In our practice it is not unusual for us to receive motions or other paperwork trying to restrict our client’s new significant other from being around the children.
This can be VERY frustrating.
Generally, the Court will not involve third parties in Court proceedings. This is usually because the judge has no jurisdiction over your ex’s new girlfriend or boyfriend since the new person is not a party to the Court case. As a result, it is very difficult for judges to issue orders keeping the new person away from your children.
If you really believe the new person is a danger to your child (for example driving drunk with your kids in the car or committing abuse), you need to contact law enforcement and/or Child Protective Services.
You can also file a motion with your custody judge asking to limit your ex’s time with the children, but unless you have proof of abuse or criminal activity, it is unlikely the judge will keep the new person away from your children.
Our recommendation is that your communicate your concerns with your ex, BEFORE you file anything with the Court. If your ex knows there are issues, hopefully your ex will address them. If not, you can seek the assistance of the judge.
KEY TAKEAWAY: Don’t go to Court asking for your ex’s new girlfriend/boyfriend to be kept away from your kids because you don’t like them or think it’s too soon for your children. If you do this, chances are you will lose. If you have PROOF that the new person is a danger, you need to contact the appropriate authorities and seek relief from your custody judge.
We cant count the number of times we hear a civil litigator or criminal defense attorney take on a family case and say “It’s just family law. How hard can it be?”
And every time I hear a lawyer say that…I want to punch them in the face!
Family law is one of the most complex and diverse areas of practice because EVERY FAMILY IS DIFFERENT!
While there are general rules that apply in every case, there are tiny nuances that can vastly affect the outcome of a case.
For example, just because one spouse makes $1,000,000 and the other makes $10,000 doesn’t mean support will be paid. Length of marriage, separate property, career before earnings, and need/obligations of the parties affect the amount and duration of spousal support.
It takes an experienced Las Vegas lawyer to understand and appreciate these differences.
Hire a lawyer who doesn’t understand these differences and you could spend tens of thousands of dollars for no reason.
Or. . . even worse you could be stuck paying for something you should have never been required to pay for…forever!
KEY TAKEAWAY: Hiring an experienced custody attorney matters and could be the difference between winning your custody case or seeing your children every other weekend and paying child support for the next several years.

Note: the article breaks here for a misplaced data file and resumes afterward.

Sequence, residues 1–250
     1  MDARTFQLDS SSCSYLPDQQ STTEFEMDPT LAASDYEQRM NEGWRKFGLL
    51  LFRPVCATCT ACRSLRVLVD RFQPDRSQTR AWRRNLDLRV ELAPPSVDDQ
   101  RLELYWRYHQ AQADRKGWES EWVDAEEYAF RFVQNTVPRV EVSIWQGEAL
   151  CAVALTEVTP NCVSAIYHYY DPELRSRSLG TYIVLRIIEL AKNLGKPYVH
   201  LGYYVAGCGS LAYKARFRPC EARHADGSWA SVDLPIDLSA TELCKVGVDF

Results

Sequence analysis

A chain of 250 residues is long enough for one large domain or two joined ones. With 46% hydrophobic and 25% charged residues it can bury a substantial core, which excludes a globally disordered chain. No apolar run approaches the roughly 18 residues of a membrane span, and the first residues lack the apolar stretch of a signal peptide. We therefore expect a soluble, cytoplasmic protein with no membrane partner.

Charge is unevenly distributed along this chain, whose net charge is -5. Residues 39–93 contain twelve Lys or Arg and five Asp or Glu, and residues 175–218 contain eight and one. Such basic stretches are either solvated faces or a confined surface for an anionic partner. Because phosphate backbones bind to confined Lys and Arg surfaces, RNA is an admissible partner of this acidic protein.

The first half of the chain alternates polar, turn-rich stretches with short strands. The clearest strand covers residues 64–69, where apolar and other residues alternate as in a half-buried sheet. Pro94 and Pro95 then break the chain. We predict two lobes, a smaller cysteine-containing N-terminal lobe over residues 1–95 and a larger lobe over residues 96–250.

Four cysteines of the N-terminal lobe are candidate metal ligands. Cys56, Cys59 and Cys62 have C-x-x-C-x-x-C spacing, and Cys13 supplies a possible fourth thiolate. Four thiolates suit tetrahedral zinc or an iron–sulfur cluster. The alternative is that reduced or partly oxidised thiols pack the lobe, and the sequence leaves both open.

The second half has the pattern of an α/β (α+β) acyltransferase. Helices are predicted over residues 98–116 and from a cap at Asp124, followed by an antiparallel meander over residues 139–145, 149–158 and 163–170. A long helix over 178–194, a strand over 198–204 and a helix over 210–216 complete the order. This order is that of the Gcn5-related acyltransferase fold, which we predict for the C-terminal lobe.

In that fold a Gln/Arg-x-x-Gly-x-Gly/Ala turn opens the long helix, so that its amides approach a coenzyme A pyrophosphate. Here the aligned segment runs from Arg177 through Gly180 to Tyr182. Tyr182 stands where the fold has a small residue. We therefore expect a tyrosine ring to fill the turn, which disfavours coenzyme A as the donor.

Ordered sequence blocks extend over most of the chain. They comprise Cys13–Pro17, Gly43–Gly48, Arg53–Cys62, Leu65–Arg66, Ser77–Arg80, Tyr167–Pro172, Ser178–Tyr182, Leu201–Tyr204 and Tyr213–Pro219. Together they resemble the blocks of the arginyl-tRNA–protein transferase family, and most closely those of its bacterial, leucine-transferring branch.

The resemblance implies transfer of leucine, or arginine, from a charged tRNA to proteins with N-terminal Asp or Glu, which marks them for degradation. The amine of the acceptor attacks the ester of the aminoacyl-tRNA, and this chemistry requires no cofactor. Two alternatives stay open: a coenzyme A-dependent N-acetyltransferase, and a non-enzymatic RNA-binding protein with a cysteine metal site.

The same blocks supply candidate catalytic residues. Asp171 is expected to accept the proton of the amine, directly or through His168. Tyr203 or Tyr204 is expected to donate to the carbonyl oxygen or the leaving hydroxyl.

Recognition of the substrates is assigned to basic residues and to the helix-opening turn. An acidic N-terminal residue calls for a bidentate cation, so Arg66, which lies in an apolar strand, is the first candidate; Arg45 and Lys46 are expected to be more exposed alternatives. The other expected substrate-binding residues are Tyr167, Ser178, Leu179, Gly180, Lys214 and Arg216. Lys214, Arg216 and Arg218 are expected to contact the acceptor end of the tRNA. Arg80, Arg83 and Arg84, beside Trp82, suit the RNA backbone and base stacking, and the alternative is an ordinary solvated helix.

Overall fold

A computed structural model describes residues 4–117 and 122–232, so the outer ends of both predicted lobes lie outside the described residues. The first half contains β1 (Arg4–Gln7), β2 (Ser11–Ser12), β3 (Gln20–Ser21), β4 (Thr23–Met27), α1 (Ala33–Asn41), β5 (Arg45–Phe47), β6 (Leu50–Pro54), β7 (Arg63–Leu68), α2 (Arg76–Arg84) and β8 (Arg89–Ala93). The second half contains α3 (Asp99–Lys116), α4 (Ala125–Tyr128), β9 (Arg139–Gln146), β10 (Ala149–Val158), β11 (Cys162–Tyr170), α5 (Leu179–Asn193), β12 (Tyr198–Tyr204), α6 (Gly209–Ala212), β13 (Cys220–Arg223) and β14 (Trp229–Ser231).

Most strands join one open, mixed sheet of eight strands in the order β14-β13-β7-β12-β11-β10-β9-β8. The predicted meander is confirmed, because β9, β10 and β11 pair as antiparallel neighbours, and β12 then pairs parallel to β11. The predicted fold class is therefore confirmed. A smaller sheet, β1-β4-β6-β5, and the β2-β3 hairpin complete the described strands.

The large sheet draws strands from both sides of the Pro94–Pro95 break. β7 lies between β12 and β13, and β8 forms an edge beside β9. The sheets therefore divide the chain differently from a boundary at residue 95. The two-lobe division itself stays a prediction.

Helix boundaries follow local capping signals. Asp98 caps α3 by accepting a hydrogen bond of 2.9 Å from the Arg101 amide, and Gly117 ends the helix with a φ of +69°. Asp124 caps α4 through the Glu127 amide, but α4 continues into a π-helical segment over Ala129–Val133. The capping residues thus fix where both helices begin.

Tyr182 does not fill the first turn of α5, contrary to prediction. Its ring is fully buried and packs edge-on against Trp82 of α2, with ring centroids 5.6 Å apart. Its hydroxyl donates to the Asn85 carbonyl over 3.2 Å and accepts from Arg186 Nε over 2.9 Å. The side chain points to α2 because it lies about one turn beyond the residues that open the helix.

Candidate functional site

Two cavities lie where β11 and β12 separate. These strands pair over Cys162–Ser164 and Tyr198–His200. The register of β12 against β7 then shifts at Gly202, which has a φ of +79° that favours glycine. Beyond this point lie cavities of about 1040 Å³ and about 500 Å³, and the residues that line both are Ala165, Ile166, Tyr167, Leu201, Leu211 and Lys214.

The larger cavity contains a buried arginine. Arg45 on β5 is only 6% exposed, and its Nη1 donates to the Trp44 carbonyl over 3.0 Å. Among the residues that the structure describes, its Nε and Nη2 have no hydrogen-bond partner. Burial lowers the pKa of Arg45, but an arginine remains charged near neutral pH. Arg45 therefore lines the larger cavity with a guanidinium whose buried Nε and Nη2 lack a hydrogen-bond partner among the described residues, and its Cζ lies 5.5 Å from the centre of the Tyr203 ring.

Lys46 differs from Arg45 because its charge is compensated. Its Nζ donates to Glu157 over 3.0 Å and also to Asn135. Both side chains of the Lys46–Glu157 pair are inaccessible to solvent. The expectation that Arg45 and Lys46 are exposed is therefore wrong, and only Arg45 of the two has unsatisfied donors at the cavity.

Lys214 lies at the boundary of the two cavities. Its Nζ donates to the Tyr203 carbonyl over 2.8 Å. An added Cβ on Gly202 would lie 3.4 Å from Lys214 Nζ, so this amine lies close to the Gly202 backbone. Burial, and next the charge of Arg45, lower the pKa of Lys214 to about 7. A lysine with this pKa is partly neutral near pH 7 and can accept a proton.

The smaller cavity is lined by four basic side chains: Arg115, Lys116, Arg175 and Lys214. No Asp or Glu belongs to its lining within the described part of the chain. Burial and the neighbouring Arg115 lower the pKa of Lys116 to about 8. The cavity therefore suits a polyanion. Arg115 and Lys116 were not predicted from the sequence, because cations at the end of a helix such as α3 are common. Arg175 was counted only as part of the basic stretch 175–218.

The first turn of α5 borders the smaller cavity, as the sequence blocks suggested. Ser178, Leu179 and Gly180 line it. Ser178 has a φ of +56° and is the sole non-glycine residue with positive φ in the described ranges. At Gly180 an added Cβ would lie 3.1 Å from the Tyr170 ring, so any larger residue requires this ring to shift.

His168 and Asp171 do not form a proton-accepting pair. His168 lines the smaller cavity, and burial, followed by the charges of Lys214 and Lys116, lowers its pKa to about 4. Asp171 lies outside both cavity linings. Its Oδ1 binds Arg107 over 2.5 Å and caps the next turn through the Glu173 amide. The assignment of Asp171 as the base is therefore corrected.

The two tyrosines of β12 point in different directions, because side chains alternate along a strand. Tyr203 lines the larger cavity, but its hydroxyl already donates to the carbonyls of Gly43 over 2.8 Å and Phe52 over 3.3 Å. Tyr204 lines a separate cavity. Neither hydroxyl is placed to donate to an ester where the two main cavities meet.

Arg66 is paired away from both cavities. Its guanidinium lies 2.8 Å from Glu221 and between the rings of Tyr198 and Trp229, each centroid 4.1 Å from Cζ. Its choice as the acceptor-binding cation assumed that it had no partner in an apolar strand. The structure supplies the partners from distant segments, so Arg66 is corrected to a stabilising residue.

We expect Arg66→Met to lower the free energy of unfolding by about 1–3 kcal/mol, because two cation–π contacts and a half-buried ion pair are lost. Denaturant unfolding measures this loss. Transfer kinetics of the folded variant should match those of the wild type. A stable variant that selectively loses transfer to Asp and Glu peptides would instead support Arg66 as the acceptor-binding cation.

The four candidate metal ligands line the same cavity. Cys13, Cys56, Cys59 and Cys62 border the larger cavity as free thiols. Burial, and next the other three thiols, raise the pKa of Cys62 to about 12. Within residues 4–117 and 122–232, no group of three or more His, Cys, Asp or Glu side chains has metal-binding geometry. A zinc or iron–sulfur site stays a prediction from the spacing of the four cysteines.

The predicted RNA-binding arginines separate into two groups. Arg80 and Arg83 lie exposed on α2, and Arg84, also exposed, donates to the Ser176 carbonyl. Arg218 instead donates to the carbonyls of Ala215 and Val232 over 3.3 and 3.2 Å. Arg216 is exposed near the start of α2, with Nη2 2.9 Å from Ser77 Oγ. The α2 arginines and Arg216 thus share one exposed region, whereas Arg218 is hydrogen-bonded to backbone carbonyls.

I usually explain to people that I’m not a hairdresser or a plumber or . . . fill in the profession.
I’d never try to cut and color my own hair to save a few bucks or try to snake the drains in my house because I thought I could do it on my own. Instead, I’d pay a professional.
The same thing goes for hiring an attorney.
Sure the paperwork is available on-line and there are plenty of How To Guides on You Tube.
But seriously…as custody attorneys we are paid to stand in court and argue cases. Experienced attorneys are trained to communicate with other lawyers and judges. They know the nuances of your custody case and what is likely to sway a judge in your favor.
The bottom line?
Hiring a custody attorney could mean the difference between winning your custody case and losing your case.
Just like the hair example or plumber example, I could cut and color my own hair but it isn’t going to look anywhere as good as if I hired a professional. I could snake my own drains…no wait. Let’s be honest, I have no idea how to snake my own drains.
So while it might be tempting to handle a custody case yourself, you really should hire an experienced custody attorney.
Think you cant afford a custody lawyer?
Chances are you are wrong.
There are so many options for hiring a lawyer than the traditional retainer and then pay by the hour method.
For example, our firm charges a flat fee for custody cases. And we work on payment plans. We also offer financing which can often be cheaper than putting a fee on a credit card.
In addition, nowadays there are plenty of lawyers that will handle your custody case unbundled. This means you might have to write your own paperwork or mail your own documents, but you can pay a lawyer to just handle the arguments in Court.
If you really cant afford a lawyer, there are pro bono attorneys and legal aid available.
KEY TAKEAWAY: If you are serious about winning your custody case, you should strongly consider hiring an experienced custody attorney.
We sure hope you liked this article.
If you or someone you know needs a family court attorney, please contact us at (702) 433-2889 or fill out our on-line form for more information.